Reality: I don’t know if this is so much a myth as a best practice. Because technically all you legally need is the $200,000 liability coverage. Practically everybody in the industry will agree that $200,000 is not enough coverage for modern-day lawsuits and expenses. It is strongly recommended that you take at least 2 million dollars liability coverage, but the bare minimum you might consider is 1 million. There is usually a small difference in premium between the 1 million dollar coverage vs. the 2 million dollar coverage, often less than $10 a month, for piece of mind.
If you get a parking ticket, your insurance rates can go up
Reality: Having a parking ticket will not affect your insurance rates. But all moving violations will affect your auto insurance.
If you’re involved in a car accident, but don’t file a claim, your insurance premiums will stay the same
Reality: This is like if a tree in the forest falls, does it makes a sound. If your insurance company never finds out about an accident, technically the policy is not likely to go up. However, your insurance company can find out about an accident from somebody else reporting it, such as the police or some other third party. You’re obliged to tell your insurance company or broker about your accidents.
If your friend drives your car and causes an accident, it won’t affect your insurance rates
Reality: This one is a sometimes yes, sometimes no. The scenario where a friend borrows your car and it doesn’t affect your insurance is when they have insurance and they report it to their insurance company. An accident can only be rated for and charged once, so two insurance companies can’t charge the same person for the same accident. So if your friend owns up to it and tells their insurance company and they pay the higher rate, your policy will stay as if you didn’t have an accident. If your friend doesn’t own up to it or doesn’t have insurance, then you’ll lend your insurance when you lend your car; they’ll go hand-in-hand and it’ll affect you.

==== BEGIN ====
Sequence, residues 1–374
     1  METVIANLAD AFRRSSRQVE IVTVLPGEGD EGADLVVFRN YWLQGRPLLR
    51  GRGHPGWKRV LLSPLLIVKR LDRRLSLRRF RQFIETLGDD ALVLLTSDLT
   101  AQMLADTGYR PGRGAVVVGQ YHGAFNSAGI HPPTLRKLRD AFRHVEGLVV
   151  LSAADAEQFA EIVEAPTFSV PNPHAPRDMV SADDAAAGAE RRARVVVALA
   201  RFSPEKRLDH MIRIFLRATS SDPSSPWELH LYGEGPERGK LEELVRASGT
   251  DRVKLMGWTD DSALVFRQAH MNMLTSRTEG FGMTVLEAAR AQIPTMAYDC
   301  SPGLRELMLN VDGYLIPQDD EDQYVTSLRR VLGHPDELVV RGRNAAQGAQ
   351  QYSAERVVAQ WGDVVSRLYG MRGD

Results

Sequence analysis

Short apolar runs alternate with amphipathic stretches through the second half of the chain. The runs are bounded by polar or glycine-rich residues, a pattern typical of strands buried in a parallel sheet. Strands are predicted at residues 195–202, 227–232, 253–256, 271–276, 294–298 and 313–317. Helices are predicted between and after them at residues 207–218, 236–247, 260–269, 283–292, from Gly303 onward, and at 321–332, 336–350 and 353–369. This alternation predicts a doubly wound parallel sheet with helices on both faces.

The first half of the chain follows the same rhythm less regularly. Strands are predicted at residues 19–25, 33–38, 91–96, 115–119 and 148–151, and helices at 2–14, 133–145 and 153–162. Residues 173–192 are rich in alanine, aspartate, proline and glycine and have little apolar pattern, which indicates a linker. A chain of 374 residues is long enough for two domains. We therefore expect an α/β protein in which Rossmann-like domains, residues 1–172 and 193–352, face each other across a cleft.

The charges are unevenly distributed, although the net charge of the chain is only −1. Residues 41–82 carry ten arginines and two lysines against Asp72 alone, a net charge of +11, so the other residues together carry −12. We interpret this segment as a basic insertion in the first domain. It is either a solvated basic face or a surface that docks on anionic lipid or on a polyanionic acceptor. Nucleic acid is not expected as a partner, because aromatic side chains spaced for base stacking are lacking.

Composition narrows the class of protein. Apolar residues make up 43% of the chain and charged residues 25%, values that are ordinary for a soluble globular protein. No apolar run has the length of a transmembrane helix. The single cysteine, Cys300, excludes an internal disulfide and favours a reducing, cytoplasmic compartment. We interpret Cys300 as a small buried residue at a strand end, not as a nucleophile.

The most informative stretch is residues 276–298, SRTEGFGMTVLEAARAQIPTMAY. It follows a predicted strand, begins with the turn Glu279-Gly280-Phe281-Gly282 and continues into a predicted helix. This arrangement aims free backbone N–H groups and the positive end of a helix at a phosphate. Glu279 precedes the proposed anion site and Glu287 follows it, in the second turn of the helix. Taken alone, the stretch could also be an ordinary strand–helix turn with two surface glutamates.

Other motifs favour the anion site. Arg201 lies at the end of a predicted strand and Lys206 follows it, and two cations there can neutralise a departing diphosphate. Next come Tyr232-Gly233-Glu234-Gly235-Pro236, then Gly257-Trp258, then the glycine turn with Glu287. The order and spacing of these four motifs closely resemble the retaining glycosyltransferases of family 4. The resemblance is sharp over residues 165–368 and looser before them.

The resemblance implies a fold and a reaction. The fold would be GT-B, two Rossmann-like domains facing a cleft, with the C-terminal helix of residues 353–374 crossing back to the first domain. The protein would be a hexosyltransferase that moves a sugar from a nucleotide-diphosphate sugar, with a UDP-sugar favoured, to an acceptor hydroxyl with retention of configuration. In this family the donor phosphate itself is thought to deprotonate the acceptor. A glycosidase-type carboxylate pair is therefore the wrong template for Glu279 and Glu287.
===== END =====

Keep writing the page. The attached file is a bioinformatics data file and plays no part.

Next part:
Loyalty discounts will offset any savings you might see by shopping around
No, just because you have a loyalty discount, it doesn’t necessarily mean you can’t still save by shopping around. Each company has a different rate of applying loyalty discounts. There’s no one-size-fits-all answer here; you want to talk to your broker to find out how competitive your company is, and how much of your life situation has changed from when you initially signed up for that policy.
Auto insurance companies can charge whatever they want
Reality: This is a pretty fun myth. Insurance companies cannot charge whatever they feel like. They’re governed and regulated by FSCO. Auto insurers need to open their books and all their finances to the government when they’re applying for rates increases and those rates have to be accepted. They’re capped in profit, so they can’t just have giant profit margins that are unregulated. So no, they can’t just charge whatever they want, it’s not a free market.
Note: The information above is for general purposes and does not constitute legal advice. Be sure to talk to your broker if you have more specific questions about insurance, and especially if you need answers that are specific to your circumstances.